Okay, I’ve been unable to post this in the last two weeks because of a slew of midterms for school (7 exams in 7 working days!). At any rate, I’m doing my best to keep things up to date. Now, without further ado… the conclusion of my All About Seeds post.
As with anything plant related, you must consider the three primary factors:
- plant propagation
- germination difficulty
In particular, if you are not a “seed-a-holic”, many things are difficult to germinate.
When to Harvest
Seeds should be harvested when the seed is dry on the plant (it is best when fully dried on the plant). Early bloomers will likely be harvested in July or August while late bloomers may be harvested around October or even later (sometimes even January or February!).
It is best to have a journal in which you can record observations such as seed drying and dropping. From this you should make a schedule – that way you know approximately when to harvest. Harvest when the seed pods are dry (have I said that enough?).
Seed pods that drop seed quickly or expel seeds should be “bagged” directly on the plant. For culinary herbs and greens: stop deadheading herbs, and allow greens to bolt in early August. Prolific sowers (those that sow themselves readily) should be bagged once the flowers start to fade.
Bagging refers to simply enclosing the seed pod while it remains on the plant. This allows the seed to be harvested without having to watch carefully for the moment the seed pod bursts. Basically all you need is some cheesecloth, satin thread/fishing line/dental floss, and a darning needle. Scissors help to cut the cheesecloth. Simply wrap the cheesecloth around the seed pod and sew closed around the stem. Don’t sew too tightly as you do not want to damage the plant. (If I’ve described this completely wrong, or bastardized it severely, please let me know so I can update this.)
Basic materials in addition to those described above are:
- envelopes or freezer bags
- tweezers (for cleaning)
- sieve(s) (for cleaning)
- saucers/lids/pans (for drying)
When stored properly, seeds can be stored from months to years, depending on your needs. Basically all that is required for good storage is a cool, dark, dry place. Coin envelopes work wonderfully as they are the perfect size for most seeds and are effective at keeping them cool, dark and dry. Take care, however, because once moisture is introduced to the seeds, they must be sown immediately.
This was probably my absolute favourite part of the evening. Many people are unable to start seeds indoors for lack of space, or for other reasons. There is a very nice solution to this known as winter sowing.
Basically, you can take your seeds, sow them in a container (4-litre milk jugs work well), and place them outside in a snow bank. The seeds will germinate naturally when conditions are right. The funny thing is that I was reading about just this thing the day of the presentation, but they didn’t call it winter sowing.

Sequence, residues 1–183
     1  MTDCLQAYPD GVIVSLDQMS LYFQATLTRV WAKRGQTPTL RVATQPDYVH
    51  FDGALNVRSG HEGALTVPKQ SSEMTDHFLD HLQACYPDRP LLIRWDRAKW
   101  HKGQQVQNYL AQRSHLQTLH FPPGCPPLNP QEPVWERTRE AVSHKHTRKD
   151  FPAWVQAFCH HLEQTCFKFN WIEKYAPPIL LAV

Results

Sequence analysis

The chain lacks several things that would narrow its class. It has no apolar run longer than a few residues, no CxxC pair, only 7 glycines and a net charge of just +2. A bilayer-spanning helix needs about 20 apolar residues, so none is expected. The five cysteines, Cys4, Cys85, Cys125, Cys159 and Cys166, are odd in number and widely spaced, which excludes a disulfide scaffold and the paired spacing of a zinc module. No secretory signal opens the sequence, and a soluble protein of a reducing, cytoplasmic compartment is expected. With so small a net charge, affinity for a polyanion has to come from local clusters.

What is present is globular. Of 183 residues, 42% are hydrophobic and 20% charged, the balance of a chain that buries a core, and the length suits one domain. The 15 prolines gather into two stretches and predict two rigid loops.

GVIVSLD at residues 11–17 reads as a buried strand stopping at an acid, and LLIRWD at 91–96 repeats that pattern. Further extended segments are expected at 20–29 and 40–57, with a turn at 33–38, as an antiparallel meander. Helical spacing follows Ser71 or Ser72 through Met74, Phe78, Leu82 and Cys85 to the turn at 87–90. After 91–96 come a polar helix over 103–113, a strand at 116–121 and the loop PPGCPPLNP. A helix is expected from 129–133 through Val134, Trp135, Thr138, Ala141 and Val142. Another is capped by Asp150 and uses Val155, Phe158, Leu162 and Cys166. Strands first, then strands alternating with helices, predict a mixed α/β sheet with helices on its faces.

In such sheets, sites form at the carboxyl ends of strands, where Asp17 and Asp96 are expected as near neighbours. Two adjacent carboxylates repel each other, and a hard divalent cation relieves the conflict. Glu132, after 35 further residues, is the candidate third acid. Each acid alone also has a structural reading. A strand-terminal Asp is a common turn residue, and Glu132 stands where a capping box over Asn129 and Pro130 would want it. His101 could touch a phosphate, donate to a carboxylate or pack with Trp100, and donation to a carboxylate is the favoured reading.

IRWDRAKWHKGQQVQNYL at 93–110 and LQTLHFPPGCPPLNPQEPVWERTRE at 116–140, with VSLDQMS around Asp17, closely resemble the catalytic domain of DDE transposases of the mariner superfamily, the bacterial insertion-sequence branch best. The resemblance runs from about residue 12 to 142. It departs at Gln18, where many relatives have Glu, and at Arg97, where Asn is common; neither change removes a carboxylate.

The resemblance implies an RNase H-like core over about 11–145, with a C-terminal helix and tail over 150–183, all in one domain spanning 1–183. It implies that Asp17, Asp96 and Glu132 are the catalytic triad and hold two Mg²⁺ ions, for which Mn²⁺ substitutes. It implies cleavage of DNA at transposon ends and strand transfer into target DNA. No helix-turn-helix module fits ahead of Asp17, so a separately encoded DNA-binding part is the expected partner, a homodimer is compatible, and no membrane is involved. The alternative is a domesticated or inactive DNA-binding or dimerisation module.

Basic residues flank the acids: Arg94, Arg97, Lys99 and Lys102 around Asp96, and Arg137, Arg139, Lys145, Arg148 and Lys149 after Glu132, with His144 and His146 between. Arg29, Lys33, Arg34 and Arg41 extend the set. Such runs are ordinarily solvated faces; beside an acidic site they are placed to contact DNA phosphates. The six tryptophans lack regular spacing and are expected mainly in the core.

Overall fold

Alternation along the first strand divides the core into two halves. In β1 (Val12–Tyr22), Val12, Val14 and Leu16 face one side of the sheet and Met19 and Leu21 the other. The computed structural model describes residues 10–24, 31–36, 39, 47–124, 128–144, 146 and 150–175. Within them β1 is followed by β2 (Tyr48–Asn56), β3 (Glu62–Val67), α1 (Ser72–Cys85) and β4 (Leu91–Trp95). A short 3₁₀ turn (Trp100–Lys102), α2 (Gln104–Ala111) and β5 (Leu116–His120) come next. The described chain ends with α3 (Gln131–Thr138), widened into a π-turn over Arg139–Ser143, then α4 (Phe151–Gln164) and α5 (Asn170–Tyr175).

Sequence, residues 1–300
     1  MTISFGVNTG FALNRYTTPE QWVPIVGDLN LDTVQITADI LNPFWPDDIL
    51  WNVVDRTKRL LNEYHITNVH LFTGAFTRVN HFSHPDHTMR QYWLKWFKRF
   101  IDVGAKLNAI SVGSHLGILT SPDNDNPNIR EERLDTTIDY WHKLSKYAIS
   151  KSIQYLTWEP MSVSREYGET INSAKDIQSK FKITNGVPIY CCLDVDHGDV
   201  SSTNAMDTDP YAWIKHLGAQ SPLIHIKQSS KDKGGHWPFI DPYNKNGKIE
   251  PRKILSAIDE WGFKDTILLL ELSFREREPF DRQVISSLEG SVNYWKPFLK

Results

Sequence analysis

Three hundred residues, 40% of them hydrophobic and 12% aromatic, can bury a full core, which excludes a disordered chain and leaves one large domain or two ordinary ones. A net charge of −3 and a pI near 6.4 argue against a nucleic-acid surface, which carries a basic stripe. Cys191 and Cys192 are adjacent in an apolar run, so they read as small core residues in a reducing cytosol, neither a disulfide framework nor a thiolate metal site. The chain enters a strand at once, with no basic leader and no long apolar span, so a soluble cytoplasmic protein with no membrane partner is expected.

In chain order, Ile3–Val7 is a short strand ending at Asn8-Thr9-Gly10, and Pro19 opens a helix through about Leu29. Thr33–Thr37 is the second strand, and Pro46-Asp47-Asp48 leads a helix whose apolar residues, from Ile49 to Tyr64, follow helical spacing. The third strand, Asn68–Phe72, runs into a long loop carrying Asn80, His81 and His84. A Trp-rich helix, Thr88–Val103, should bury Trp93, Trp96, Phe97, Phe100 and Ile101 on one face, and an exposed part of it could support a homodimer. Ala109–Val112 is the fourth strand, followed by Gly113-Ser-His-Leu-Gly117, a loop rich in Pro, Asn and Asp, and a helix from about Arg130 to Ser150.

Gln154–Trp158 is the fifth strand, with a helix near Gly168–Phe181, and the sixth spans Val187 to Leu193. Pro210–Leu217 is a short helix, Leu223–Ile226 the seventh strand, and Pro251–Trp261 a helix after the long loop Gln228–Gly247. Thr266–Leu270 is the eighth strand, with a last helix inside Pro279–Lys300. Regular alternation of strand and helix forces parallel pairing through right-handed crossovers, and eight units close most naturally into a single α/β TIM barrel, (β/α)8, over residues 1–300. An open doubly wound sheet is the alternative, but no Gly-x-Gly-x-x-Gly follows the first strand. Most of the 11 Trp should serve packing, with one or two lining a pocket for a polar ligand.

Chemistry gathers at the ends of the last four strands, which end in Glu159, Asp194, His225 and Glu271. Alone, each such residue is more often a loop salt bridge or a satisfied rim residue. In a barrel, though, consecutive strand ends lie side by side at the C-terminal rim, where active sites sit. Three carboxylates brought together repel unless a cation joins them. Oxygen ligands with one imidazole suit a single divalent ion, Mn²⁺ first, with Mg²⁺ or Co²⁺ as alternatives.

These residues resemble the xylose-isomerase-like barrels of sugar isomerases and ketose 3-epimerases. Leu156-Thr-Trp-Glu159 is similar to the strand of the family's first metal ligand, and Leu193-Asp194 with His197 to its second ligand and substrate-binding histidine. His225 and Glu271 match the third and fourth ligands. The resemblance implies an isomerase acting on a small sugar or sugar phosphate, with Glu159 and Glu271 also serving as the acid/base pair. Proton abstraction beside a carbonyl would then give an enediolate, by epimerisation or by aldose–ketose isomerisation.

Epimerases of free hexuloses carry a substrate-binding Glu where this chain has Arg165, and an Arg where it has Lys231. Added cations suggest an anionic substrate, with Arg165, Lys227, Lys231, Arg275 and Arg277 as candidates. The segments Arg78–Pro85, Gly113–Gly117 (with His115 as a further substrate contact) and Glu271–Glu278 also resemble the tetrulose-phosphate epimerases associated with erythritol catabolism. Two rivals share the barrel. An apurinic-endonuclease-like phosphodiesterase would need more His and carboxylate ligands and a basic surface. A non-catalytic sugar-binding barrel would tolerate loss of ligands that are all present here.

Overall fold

Be aware, however, that germination rates are unlikely to be as good as with indoor sowing. If you are looking to start a nursery, indoor sowing is best. If you’re looking to get your garden going and have fun in the winter, then winter sowing is a good option.
There are a great number of benefits to winter sowing, including:
- protection of seeds from critters and from the elements
- a cheap, easy way to get plants (seed packets are cheap!)
- helps relieve gardening-withdrawal during the winter months
- no need for grow lights or heat mats
- doesn’t take up space in the house
- allows you to easily try different plants
- experimentation is fun
Only a small number of tools and equipment is needed to get started in winter sowing:
- box cutter
- duct tape
- felt marker or paint pen
Several options will work for containers, but 4-litre milk jugs seem to work wonderfully. Otherwise, the container must:
- be translucent, able to transmit light
- allow drainage holes to be drilled
Do not use non-food-grade, dark, or opaque containers. Even green pop bottles are not suitable.
What to Sow?
The following have been tried in the Calgary area, which is zone 3a:
- bells of Ireland
- sanvitalia (creeping zinnia)
- ornamental grasses
- blue fescue
- joe pye weed
- buttercrunch, cesclu lettuces
The how and soil parts are simple. What follows is based on a 4-litre milk jug.
- cut ventilation slots in the top part of a 4-litre milk jug; keep the cap on the jug
- drill or otherwise create drainage holes in the bottom of the jug
- use box cutter to cut 3 sides of a 4-litre milk jug approximately 2/3 up from bottom (just below the bottom of the handle) (doing this before cutting and drilling makes it very difficult to cut vents and drainage)
- label the top and bottom of the jug in a manner that works for you; record this in your notebook or spreadsheet
- fill bottom portion of jug approximately 3/4 full with soil mixture; tamp lightly and water
- repeat #5 once
- sow seeds, label container with seed name, record in notebook/spreadsheet
- close container and secure the top to the bottom using duct tape – wrap all around the container to ensure it doesn’t easily come apart
- place container(s) in a snow bank with morning sun
- water when soil is drying out
The soil mix can be as simple as the inexpensive mix from (ugh) WalMart or Canadian Tire, or something nicer like ProMix. It all depends how much you want to spend.
As for myself, I’m waiting for Seedy Saturday (March 19 in Calgary) to get some seeds and then get going with my winter sowing. Once spring has sprung a bit more, we will get some square-foot gardening plots going. I can’t wait!